They are popular for their ability to protect and tend to be domineering and wary towards strangers. If the family is being threatened may be overly protective. Is sometimes known to try and “herd” children.
|11. Shih Tzu
This small dog is affectionate and good with children. Gentle but lively this dog enjoys playing. It does have a stubborn streak and can be quite tough. Needs short daily walks. Dislikes hot humid weather.
Famous Counterpart: Nicole Ritchie’s Shih Tzu Honeychild
|12. Miniature Schnauzers
A playful good companion, well mannered and good with children. May chase other animals. Clever, inquisitive but sometimes stubborn and may bark a lot. Needs moderate walks and plays in the yard. Hypo-allergenic.
|13. Doberman Pinschers
An intelligent and capable guard dog and protective of family the dog likes to please its owner. Needs daily physical and mental stimulation otherwise it may become destructive. Likes to share the family home.
This tiny dog is highly devoted to a single person and reserved with strangers. Some are bold and protective and others are timid. An indoor dog dislikes the cold but enjoys going on outings.
|15. German Shorthaired Pointers
This active dog likes to hunt and may become frustrated if not given enough mental and physical stimulation. May be aggressive with small pets and too boisterous for small children but a devoted family dog.
|16. Siberian Huskies
A good social household dog that thrives on companionship from humans or other dogs but may chase cats and livestock. Fun-loving and mischievious some like to dig, chew and howel.
A small dog with a friendly temperament the Pomeranian is obedient and good with children. It is friendly towards strangers and other pets. Needs to live indoors but requires daily walking and mental stimulation.
|18. French Bulldogs
Playful and entertaining for the family, sweet and friendly. This dog likes clowning around as well as cuddling and napping. Only needs a short walk. Dislikes hot humid weather and can’t swim. Snores and wheezes!
|19. Great Danes
Good with children although its size may may overwhelm small children. A relaxed easygoing manner is friendly towards other pets. Responds well to training and needs daily training and part of time indoors.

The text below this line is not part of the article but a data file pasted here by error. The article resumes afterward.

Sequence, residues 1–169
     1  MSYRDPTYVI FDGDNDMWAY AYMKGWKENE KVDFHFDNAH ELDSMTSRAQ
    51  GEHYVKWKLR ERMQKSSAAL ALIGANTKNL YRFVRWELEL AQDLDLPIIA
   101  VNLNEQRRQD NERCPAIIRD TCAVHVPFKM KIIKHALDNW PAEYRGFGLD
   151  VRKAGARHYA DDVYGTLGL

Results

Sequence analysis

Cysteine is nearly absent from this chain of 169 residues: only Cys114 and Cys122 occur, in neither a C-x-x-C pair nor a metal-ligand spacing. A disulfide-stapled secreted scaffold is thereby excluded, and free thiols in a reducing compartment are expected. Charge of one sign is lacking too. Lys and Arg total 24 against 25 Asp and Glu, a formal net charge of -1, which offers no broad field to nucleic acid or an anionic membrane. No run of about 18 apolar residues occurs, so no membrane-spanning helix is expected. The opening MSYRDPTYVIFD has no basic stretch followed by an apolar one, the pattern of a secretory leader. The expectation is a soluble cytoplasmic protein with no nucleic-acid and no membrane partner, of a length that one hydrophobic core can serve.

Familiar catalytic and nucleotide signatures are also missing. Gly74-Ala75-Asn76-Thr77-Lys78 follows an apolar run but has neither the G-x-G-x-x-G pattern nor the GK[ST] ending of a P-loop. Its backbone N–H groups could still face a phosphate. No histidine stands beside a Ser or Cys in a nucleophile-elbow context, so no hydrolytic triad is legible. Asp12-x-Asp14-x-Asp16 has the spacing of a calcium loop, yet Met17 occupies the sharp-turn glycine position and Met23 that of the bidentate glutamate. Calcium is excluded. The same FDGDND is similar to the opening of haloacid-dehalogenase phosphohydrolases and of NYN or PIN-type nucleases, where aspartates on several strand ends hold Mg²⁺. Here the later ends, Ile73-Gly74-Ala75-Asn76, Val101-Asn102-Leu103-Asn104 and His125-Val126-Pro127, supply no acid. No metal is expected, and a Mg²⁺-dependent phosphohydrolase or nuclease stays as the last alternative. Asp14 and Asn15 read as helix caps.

Famous Counterpart: Scooby Doo from the cartoon Scooby Doo by Hanna Barbara
|20. Shetland Sheepdogs
An obedient fast learner this dog is devoted to and attached to its family. Great with kids it enjoys companionship but may be reserved with strangers. Intelligent, sensitive and a fast learner.
21. Cavalier King Charles Spaniels
22. Boston Terriers
24. Australian Shepherds
25. Pembroke Welsh Corgis
27. Cocker Spaniels
29. English Springer Spaniels
33. American English Coonhounds
34. Bernese Mountain Dogs
35. West Highland White Terriers
39. Bichons Frises
41. Basset Hounds
42. Miniature Pinschers
44. Rhodesian Ridgebacks
45. Border Collies
46. Chesapeake Bay Retrievers
49. St. Bernards
50. Chinese Shar-Pei
51. Bull Terriers
52. Soft Coated Wheaten Terriers
53. Shiba Inu
54. Scottish Terriers
55. Airedale Terriers
56. Portuguese Water Dogs
58. Alaskan Malamutes
59. Cairn Terriers
60. Australian Cattle Dogs
61. Chinese Crested
62. Lhasa Apsos
63. English Cocker Spaniels
65. Italian Greyhounds
66. Dogues de Bordeaux
67. Cane Corso
68. Chow Chows
70. Irish Setters
71. Great Pyrenees
72. American Staffordshire Terriers
74. Belgian Malinois
75. German Wirehaired Pointers
76. Staffordshire Bull Terriers
77. Brussels Griffons
78. Japanese Chin
79. Irish Wolfhounds
80. Border Terriers
81. Cardigan Welsh Corgis
82. Greater Swiss Mountain Dogs
83. Bouviers des Flandres
84. Old English Sheepdogs
85. Silky Terriers
86. Tibetan Terriers
87. English Setters
88. Afghan Hounds
89. Norwich Terriers
90. Flat-Coated Retrievers
91. Standard Schnauzers
92. Wirehaired Pointing Griffons
94. Gordon Setters
95. Giant Schnauzers
96. Norwegian Elkhounds
97. Parson Russell Terriers
99. Welsh Terriers
100. Wire Fox Terriers
101. Toy Fox Terriers
104. Finnish Lapphunds
106. Cesky Terriers